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Vertigo - Gufoni manoeuvre

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Indications

Vertigo or dizziness lasting less than two minutes initiated by head movements (e.g. turning while standing)

and

No nystagmus (prior to assessment)

and

Horizontal nystagmus on supine roll test (diagnosing horizontal canal BPPV)

Contraindications (absolute in bold)

Cervical spine pathology (known or suspected)

Vascular insufficiency (carotid or vertebrobasilar)

Limited mobility

Alternatives

None

Informed consent

Verbal consent

Less complex non-emergency procedure with low risk of complications

Potential complications

Vertigo

Vomiting

Procedural hygiene

Standard precautions

PPE: non-sterile gloves

Area

Any bed space

Staff

Procedural clinician

Equipment

Bed with access on both sides

Positioning

Sit patient upright on the edge of the bed

Medication

Medications are not useful for the brief episodes of vertigo associated with BPPV

Consider ondansetron 4mg sublingual or IV, if unable to tolerate positional testing

Sequence (geotrophic horizontal canal BPPV)

Explain the manoeuvre to the patient, warning it may cause brief vertigo and nausea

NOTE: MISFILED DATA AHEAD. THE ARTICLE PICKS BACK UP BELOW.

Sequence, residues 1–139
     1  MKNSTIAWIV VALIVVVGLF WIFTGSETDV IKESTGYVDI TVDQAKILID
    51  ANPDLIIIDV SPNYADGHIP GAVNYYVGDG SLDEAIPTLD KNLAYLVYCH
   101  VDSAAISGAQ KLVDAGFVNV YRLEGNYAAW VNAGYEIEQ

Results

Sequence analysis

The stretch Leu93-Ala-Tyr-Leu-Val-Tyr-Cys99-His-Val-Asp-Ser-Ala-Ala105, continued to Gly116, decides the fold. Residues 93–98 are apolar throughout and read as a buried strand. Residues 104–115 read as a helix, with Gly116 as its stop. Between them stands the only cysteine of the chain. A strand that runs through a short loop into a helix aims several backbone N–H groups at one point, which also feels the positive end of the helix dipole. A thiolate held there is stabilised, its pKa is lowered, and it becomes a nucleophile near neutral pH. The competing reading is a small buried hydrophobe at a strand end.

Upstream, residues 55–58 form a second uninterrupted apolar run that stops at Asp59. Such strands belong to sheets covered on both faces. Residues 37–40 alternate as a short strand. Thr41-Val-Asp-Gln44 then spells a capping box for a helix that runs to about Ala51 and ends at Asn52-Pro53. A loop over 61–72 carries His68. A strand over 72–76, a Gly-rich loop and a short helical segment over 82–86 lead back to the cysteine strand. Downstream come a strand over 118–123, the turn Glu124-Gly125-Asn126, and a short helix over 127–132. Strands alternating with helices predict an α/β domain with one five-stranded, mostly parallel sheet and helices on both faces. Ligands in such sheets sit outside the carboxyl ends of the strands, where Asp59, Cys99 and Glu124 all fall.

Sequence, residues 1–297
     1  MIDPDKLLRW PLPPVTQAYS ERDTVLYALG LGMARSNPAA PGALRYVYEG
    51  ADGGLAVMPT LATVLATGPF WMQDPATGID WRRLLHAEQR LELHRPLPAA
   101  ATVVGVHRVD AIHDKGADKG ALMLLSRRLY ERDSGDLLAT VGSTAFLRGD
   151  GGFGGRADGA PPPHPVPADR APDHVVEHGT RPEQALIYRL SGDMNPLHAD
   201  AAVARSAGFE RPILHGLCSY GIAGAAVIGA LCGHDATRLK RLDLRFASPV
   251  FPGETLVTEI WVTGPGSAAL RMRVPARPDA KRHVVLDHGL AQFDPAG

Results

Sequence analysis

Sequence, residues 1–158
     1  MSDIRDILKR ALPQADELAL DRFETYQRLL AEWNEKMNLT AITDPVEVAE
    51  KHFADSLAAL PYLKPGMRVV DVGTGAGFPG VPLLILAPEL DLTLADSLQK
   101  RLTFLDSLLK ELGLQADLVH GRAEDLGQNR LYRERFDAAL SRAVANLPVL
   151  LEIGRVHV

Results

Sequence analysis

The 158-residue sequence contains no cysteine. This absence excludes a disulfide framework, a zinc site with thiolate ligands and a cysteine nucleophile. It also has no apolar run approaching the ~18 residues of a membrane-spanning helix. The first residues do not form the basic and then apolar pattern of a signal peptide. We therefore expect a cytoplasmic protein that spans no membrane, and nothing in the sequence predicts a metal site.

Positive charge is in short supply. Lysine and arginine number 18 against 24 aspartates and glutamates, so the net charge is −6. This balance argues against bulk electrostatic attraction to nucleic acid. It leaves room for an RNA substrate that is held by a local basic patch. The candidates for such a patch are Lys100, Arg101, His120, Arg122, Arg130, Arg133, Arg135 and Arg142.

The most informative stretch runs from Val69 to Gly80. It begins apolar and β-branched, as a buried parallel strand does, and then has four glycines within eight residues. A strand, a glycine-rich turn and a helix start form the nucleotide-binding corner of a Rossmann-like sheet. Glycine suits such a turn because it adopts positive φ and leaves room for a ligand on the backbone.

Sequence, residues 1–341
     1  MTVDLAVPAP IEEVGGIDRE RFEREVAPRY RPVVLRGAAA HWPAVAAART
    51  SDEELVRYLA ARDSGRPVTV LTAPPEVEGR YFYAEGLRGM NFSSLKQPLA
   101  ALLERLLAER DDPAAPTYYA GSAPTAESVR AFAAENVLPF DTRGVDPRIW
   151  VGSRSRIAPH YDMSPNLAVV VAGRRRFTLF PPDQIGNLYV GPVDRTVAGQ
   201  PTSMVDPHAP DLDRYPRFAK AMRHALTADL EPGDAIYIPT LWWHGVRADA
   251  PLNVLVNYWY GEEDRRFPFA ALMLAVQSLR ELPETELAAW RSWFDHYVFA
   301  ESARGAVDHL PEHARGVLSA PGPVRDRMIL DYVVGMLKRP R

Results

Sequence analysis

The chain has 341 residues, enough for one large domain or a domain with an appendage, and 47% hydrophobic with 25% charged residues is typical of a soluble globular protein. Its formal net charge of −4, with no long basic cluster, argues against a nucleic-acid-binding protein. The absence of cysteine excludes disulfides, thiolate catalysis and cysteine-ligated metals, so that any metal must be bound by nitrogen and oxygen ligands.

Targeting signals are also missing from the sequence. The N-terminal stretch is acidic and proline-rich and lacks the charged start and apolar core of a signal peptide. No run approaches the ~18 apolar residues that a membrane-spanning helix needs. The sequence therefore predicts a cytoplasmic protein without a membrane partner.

Lie the patient on their side, with the good ear down for one minute

Turn the patients head 45 degrees towards the ground

Hold this position for two minutes

Sit the patient up

Sequence (apogeotrophic horizontal canal BPPV)

Explain the manoeuvre to the patient, warning it may cause brief vertigo and nausea

Lie the patient on their side with their affected ear down for one minute

Turn the patients head 45 degrees away from the ground

Hold this position for two minutes

Sit the patient up

Post-procedure care

Further assessment:

Repeat the supine roll test (repositioning successful if patient asymptomatic)

If nystagmus noted or the patient is symptomatic, repeat the Gufoni manoeuvre (repeat up to three times)

If unable to resolve vertigo, discuss with specialist for follow-up (neurology, ENT or vestibular physiotherapy)

It is not uncommon for the Gufoni manoeuvre to convert horizontal canal BPPV from apogeotropic to geotropic (or the other way around) which then requires another Gufoni manoeuvre to correct

Discharge advice:

Assess for impaired balance, falls risk and home support

Educate patient on BPPV (explain pathology, possibility of recurrence)

Recommend that new episodes of vertigo should always be reassessed to exclude central causes

In confirmed horizontal canal BPPV, sleeping on the affected side may improve symptoms while awaiting follow-up

Tips

Performing the Gufoni repositioning manoeuvre quickly lowers the chances of success

Repeating the Gufoni manoeuvres may cure BPPV even after a failed attempt

Symptoms recur in 30% over the next several years

Recurrence can occur in a difference canal, home treatment without re-diagnosis is not recommended

Sleeping on the affected side is a modification of the forced prolonged positioning rehabilitation manoeuvre

Discussion

BPPV is caused by calcium carbonate otoliths in the semi-circular canals of the inner ear. The posterior (70%) and the lateral canals (25%) are most affected by this pathology.